Farm Employers Bar Workers From Collecting ARVs

FARM owners and mangers in Mashonalnd East are reportedly barring HIV positive employees from going for their Anti Retro Viral (ARVs) drugs refill run at nearest health institutions owing to hectic schedules in farming communities, HealthTimes has learnt.

By Michael Gwarisa

According to revelations made during a recently held National Aids Council (NAC) media tour in Mashonland East, most farm workers are not given off days to collect their drugs hence making it difficult for people living and HIV and on ART to adhere to their meds.

Speaking to Journalists, Health Centre Committee (HCC) Chair for Mwanza Rural Health Centre, Erica Nhapi said most farm employees were at a disadvantage when it comes to collecting ARVs owing to massive workloads in their environments.

“We noticed that most farm workers are not able to collect their medicines due to the high work load in farming communities and at times managers or foreman deny them off days to come collect their ARVs.

“However through the initiative called Community Art Refill Groups (CARGS, we are managing to also cater for these groups,” said Nhapi.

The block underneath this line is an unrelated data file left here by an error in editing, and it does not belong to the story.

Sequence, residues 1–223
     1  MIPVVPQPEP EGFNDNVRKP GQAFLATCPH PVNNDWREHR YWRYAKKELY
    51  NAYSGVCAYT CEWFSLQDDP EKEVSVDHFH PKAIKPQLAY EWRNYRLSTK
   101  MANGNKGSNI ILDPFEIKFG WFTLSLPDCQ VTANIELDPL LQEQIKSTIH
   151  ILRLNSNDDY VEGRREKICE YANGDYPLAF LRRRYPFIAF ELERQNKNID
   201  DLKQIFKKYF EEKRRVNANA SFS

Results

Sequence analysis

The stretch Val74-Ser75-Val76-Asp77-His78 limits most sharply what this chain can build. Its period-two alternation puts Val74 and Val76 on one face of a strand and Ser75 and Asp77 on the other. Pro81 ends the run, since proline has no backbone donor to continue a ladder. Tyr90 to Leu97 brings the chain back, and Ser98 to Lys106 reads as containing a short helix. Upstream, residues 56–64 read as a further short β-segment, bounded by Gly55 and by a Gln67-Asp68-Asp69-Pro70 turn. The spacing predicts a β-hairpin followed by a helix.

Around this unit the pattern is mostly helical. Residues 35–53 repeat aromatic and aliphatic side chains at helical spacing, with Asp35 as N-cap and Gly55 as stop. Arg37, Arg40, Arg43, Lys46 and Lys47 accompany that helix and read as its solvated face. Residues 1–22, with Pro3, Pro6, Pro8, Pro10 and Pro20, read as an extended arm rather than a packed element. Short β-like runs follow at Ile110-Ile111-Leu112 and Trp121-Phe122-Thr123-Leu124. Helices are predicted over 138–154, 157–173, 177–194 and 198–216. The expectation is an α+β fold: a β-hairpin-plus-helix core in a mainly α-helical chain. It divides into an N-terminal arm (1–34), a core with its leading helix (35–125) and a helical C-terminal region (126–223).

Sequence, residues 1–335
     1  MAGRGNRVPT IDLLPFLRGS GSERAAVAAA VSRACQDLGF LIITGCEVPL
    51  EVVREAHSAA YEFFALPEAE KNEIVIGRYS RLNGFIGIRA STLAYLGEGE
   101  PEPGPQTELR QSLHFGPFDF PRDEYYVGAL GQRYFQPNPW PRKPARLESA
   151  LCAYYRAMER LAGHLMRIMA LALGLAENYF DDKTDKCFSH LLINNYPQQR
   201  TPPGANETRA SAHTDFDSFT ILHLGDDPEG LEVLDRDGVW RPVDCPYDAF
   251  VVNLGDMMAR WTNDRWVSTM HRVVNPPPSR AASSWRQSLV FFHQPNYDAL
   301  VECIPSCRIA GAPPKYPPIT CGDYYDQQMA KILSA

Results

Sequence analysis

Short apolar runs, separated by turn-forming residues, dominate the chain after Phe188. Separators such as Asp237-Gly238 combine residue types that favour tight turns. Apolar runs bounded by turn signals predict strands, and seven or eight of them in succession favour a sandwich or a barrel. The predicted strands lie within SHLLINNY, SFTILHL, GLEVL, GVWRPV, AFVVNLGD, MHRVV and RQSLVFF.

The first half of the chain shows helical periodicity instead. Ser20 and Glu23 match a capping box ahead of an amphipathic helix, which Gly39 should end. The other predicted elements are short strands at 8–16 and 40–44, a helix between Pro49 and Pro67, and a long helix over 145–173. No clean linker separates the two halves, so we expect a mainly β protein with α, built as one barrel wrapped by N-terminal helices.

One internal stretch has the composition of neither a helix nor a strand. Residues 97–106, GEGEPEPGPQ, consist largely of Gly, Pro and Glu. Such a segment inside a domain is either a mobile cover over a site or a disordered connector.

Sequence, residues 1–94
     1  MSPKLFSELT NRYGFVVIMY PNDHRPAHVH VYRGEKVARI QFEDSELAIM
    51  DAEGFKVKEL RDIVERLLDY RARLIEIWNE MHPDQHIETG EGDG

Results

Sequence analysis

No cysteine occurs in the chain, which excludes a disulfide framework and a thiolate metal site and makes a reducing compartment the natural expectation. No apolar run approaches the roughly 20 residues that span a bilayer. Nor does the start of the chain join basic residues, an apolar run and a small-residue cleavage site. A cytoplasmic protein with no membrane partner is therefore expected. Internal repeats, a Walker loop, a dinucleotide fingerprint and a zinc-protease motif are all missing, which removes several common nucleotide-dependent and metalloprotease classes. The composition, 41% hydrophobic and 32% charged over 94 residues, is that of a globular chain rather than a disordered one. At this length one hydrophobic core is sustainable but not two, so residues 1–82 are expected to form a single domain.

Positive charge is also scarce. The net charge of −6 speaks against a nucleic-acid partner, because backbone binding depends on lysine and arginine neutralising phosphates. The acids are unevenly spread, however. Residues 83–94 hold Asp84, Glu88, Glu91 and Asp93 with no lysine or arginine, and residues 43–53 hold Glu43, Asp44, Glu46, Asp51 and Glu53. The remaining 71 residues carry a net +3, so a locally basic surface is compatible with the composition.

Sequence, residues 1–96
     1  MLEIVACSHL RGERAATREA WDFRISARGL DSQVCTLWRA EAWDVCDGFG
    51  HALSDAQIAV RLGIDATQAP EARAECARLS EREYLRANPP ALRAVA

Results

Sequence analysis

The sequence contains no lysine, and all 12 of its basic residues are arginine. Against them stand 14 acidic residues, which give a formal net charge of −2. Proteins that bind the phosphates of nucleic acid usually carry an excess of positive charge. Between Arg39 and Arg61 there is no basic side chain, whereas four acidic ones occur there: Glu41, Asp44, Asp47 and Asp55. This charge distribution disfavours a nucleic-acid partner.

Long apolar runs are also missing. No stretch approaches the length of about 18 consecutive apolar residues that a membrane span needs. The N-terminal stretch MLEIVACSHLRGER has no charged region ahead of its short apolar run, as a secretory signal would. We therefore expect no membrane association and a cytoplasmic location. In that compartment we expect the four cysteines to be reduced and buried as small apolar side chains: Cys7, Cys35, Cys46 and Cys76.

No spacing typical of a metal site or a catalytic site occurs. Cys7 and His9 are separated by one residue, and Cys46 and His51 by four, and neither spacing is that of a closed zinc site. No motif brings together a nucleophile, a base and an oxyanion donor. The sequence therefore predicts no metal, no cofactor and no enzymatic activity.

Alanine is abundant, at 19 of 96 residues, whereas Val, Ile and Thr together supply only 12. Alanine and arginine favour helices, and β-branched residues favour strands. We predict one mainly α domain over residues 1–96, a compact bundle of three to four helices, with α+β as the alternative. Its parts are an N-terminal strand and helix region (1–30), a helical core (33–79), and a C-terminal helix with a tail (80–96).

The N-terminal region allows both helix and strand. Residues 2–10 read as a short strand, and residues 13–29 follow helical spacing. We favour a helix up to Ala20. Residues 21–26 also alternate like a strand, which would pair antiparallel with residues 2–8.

CARGS  are self-formed groups of people living with HIV within the same geographical area, and led by individuals who have been consistent with their treatment and have the ability to encourage others to adhere to treatment. The model seeks to overcome the costs and challenges faced by people living with HIV in accessing treatment, especially vulnerable communities which live some distance from health centres.

According to the Newsday however, farming communities in Mashonaland East province have recorded a sharp decline in new HIV, Aids infections, as farm workers heed Aids awareness campaigns launched by the National Aids Council (NAC).

According to NAC, positivity rate was high due to a lot of unprotected sex in farming compounds around Marondera district caused by marrying and remarrying within the same compound. The organisation, however, descended in the farms and held massive campaigns on HIV prevention.

In 2010, positivity rate was high mainly at Bemba Farm, where 39% of the tested farm workers had sexual transmitted infections. Mashonaland East Province has a number of commercial farms that employ thousands of people.

Meanwhile, Zimbabwe has recorded significant progress in reducing new infections, which have dropped by more than 50% from 1,42% in 2011 to 0,48% in 2016.

Zimbabwe is also now regarded as the global leader in HIV prevention, including the eastern and southern African regional HIV prevention revitalisation agenda that our Health and Child Care minister is steering

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